Also, these import restrictions affect policy stability, thusreducing incentives to invest and innovate, as they alter the rules under which firms operate. In particular, import approval requirements incentivize rent-seeking and favor large firms that can devote more resources to navigate the system to secure timely approvals.
Fundamentally, the introduced import restrictions do not tackle that underlying driver of the trade deficit: the fact that there is a macroeconomic imbalance, with saving being too low relative to investment. In particular, the main driver of the imbalance comes from the public sector: the large fiscal deficit drives the large trade deficit. Addressing that imbalance requires reducing the fiscal deficit in a way that does not affect the livelihoods of the poorest segment of the population.
The fuel subsidy has been the talk of the town because of three characteristics that make it problematic: it is costly, it is structured in a way that incentivizes more use of fuel by firms and households (thus increasing imports of petroleum products), and it predominantly benefits richer households instead of the poor. The decision to gradually phase it out, by increasing prices of petrol, high speed diesel, kerosene oil and light diesel oil by 30 rupees is a step in the right direction that will help reduce the fiscal and trade deficits.
Yet, there are many additional steps that could be taken to reduce the fiscal deficit so that the pressure on the trade deficit eases. One is related to taxing property that is largely outside of the tax net. A recent study of the International Growth Center, for example, showed that all of Punjab collected less in property taxes than the city of Chennai in India. A first step would be to introduce progressive real estate taxes, and to ensure property valuation tables reflect market values, so that capital gains on real estate are at least partially more accurately taxed. In agriculture, there is also substantial space to increase tax revenues by harmonizing schemes across provinces, and rates with other sectors of the economy. Streamlining subsidies that do not favor the poor, including to State Owned Enterprises; minimizing (or eliminating) exemptions in the tax code, or making better use of state-owned assets by leasing them to the private sector, are just some examples that could help bring down expenditures and with that the trade deficit.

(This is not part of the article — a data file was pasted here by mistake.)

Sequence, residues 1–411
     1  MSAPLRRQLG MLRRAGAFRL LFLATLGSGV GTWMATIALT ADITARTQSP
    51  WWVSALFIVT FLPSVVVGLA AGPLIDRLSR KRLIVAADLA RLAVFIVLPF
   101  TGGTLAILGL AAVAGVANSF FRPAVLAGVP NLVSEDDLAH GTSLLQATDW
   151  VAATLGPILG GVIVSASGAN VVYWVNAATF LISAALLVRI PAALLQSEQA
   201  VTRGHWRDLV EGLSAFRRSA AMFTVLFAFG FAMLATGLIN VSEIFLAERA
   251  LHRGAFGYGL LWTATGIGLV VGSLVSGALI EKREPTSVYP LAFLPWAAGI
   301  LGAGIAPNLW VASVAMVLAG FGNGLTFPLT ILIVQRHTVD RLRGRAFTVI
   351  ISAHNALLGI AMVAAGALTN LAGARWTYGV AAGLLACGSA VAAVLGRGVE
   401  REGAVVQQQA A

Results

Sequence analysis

Importantly, these changes will not just help reduce pressures on the trade deficit side. They will also help achieve a more efficient allocation of resources, impacting productivity and sustainable growth moving forward.